To stop your paintwork from harming your health, look for paint that uses fewer solvents, is low in VOCs, and is not oil based. Breatheasy paint from Crown, for example, has a 99 percent solvent-free formulation, the range limits exposure to airborne triggers of asthma and allergy, helping to create a healthier space for the whole family.
'A lot of paints contain high levels of VOCs which, when they dry, emit solvents into the air which can cause dizziness and headaches,' confirms Crown color consultant and senior designer, Justyna Korczynska. 'If you’ve chosen a low VOC paint, then the room should be suitable to move back into the day after painting, assuming it has been well-ventilated.'
3. You don't have enough daylight coming through the windows
We need daylight in order for our body to produce vitamin D – the disease-fighting nutrient that's linked to lower levels of depression and better mood regulation. No wonder then that a recent survey by the window and doors brand Origin found respondents were three times more likely to believe their home is bad for their mental wellbeing if they have a lack of natural light, and 18 percent with low levels of natural light at home believe their space is bad for their physical wellbeing.
'There are ways to make the most of light to brighten your home, without the need to feel exposed with bare windows from wall to wall,' comments Rachel Davies, design expert a Shuttercraft.
'If you like privacy but also light, opt for fabric blinds which can let some light in, and also reflect the light from inside the home. Shutters in pale shades like white and cream can help optimize light levels in the home – choose wide slats if you want the room to bask in natural light.'
To bounce light around the room for a brighter look, place a mirror where it can reflect the light coming through the window. 'Placing a mirror next to or opposite a window does wonders to make a space feel lighter and bigger. The bigger the mirror, the better,' Rachel says.
4. Your upholstery is releasing toxic gasses
Off-gassing is the term for the release of chemical vapors into the air – and upholstered furniture, carpets, and mattresses can be some of the worst culprits, as so many chemicals are used in their production. That 'new car smell' or the odor you get from your new couch is the fumes being released into the atmosphere. And the off-gassing continues even when the smell has faded.
'The flame retardant PBDE is often used to treat furniture, carpet, and clothes. This very persistent synthetic compound accumulates in our bodies, and has been linked to hormone dysfunction,' says sustainable living consultant Joanna Yarrow, author of 1001 Ways You Can Save the Planet.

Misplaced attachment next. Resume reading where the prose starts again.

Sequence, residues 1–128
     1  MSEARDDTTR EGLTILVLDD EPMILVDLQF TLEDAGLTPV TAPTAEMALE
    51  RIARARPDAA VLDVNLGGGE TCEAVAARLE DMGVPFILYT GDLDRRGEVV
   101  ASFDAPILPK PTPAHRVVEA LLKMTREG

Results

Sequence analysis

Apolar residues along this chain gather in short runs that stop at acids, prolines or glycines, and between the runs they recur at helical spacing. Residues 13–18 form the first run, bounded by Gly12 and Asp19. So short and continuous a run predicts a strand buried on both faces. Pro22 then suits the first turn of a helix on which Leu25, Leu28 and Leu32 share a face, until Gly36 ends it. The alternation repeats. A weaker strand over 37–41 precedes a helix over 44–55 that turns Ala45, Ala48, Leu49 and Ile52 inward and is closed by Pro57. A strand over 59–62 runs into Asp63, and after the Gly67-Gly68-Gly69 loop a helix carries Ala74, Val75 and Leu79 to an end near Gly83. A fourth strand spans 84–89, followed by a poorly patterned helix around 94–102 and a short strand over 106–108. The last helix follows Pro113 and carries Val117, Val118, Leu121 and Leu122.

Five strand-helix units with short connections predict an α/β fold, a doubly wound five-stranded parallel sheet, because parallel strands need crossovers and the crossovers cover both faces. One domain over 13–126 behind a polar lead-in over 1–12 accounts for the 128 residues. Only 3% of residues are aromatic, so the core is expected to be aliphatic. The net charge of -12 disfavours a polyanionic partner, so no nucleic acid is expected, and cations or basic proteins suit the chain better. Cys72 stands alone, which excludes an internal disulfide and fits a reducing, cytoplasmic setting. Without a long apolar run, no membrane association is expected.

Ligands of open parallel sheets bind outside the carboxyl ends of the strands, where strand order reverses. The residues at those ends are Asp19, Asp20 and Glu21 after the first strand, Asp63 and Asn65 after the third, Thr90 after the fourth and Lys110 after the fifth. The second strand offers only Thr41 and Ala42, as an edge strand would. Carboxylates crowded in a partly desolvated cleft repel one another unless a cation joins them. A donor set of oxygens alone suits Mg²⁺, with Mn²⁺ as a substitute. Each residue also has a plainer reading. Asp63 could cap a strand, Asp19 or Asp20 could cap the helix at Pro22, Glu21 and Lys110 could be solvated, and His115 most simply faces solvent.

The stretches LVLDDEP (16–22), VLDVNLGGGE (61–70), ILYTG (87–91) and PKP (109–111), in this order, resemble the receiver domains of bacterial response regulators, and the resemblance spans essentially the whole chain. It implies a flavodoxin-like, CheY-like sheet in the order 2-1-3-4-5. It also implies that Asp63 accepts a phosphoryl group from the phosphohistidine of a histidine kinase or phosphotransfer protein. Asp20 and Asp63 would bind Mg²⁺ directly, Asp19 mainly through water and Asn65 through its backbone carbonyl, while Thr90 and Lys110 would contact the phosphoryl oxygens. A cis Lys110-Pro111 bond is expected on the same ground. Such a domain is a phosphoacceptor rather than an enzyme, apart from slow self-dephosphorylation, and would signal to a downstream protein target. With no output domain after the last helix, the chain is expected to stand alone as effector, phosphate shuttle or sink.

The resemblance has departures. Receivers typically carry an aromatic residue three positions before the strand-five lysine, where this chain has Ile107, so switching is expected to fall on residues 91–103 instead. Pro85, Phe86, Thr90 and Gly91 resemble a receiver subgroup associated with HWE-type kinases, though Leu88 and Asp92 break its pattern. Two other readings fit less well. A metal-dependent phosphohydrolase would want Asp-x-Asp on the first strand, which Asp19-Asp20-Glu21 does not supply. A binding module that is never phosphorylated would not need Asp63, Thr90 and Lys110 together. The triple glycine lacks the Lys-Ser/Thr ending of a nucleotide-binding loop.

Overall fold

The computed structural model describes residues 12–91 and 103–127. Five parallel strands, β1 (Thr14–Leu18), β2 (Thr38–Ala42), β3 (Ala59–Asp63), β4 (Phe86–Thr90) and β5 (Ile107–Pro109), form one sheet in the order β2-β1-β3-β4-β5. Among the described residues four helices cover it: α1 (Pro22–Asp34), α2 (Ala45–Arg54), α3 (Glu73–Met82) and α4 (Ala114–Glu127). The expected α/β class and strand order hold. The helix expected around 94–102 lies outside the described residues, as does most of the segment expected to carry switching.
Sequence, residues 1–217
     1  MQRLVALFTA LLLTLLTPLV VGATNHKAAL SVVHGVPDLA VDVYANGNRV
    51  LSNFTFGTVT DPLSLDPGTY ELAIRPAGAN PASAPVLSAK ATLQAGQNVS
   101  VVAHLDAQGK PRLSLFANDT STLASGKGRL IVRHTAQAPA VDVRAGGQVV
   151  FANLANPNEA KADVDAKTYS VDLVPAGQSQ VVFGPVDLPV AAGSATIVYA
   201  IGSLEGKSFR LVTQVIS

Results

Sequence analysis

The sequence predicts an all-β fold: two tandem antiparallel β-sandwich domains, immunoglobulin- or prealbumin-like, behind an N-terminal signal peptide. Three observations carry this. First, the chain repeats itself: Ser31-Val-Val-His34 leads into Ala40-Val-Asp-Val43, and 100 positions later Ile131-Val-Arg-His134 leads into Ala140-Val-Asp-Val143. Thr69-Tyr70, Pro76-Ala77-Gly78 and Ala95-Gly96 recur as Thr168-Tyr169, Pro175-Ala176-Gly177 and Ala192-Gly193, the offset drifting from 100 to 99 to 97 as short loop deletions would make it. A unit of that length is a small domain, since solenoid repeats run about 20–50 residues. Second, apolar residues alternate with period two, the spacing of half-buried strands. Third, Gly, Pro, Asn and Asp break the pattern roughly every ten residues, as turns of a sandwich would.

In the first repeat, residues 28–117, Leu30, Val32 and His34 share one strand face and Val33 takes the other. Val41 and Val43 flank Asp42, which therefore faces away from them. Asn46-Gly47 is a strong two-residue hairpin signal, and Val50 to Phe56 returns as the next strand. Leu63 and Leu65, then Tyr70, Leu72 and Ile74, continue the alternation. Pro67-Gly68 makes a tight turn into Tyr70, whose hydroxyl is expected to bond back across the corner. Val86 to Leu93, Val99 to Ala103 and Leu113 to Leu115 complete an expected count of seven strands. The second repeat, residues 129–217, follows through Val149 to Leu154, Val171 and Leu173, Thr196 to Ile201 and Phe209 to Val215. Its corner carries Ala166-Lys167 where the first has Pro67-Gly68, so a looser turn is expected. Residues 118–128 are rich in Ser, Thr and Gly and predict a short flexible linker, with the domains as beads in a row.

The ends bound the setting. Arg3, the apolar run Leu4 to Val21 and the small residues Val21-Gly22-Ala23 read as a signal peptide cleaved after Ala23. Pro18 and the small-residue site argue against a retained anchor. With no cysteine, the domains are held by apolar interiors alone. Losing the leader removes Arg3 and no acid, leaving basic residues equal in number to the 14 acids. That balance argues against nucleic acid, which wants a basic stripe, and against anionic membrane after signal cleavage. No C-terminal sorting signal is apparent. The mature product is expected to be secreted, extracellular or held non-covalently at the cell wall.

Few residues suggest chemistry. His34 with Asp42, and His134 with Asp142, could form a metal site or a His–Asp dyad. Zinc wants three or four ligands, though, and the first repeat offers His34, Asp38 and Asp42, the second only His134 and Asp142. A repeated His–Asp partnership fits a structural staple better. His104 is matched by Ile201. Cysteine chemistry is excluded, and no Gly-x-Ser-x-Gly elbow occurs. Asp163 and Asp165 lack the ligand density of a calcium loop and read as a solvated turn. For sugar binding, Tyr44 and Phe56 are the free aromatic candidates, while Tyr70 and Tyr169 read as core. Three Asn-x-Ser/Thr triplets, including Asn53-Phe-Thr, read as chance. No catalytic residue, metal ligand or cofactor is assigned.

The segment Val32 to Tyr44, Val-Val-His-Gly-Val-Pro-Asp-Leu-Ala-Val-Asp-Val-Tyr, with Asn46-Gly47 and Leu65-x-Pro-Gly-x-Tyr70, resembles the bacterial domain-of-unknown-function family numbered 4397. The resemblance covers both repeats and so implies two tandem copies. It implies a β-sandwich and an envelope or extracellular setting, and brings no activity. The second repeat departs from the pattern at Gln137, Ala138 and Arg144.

Search for furniture and furnishings made from natural and organic materials which are grown without the use of chemicals; some, such as wool, are also and naturally flame resistant. The Sustainable Furnishings Council has resources including a Quick Buying Guide, to help you source furniture made with fewer off-gassing chemicals.
5. There are chemicals in your cleaning products
Cleaning products made from synthetic formulations and harsh chemicals can cause skin irritation, breathing difficulties and, potentially, may result in toxic chemicals accumulating in the body and increasing risk of chronic disease.
Opt for products made with natural ingredients, or look for toxin-free household products that have been used as effective cleaning solutions for centuries. Find out how to make homemade kitchen cleaner from baking soda and Castile soap. Learn how to unclog a bathtub drain naturally. And discover the benefits of cleaning with vinegar, including using white vinegar in laundry.
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Andrea has been immersed in the world of homes, interiors and lifestyle since her first job in journalism, on Ideal Home. She went from women's magazine Options to Frank. From there it was on to the launch of Red magazine, where she stayed for 10 years and became Assistant Editor. She then shifted into freelancing, and spent 14 years writing for everyone from The Telegraph to The Sunday Times, Livingetc, Stylist and Woman & Home. She was then offered the job as Editor on Country Homes & Interiors, and now combines that role with writing for sister title homesandgardens.com.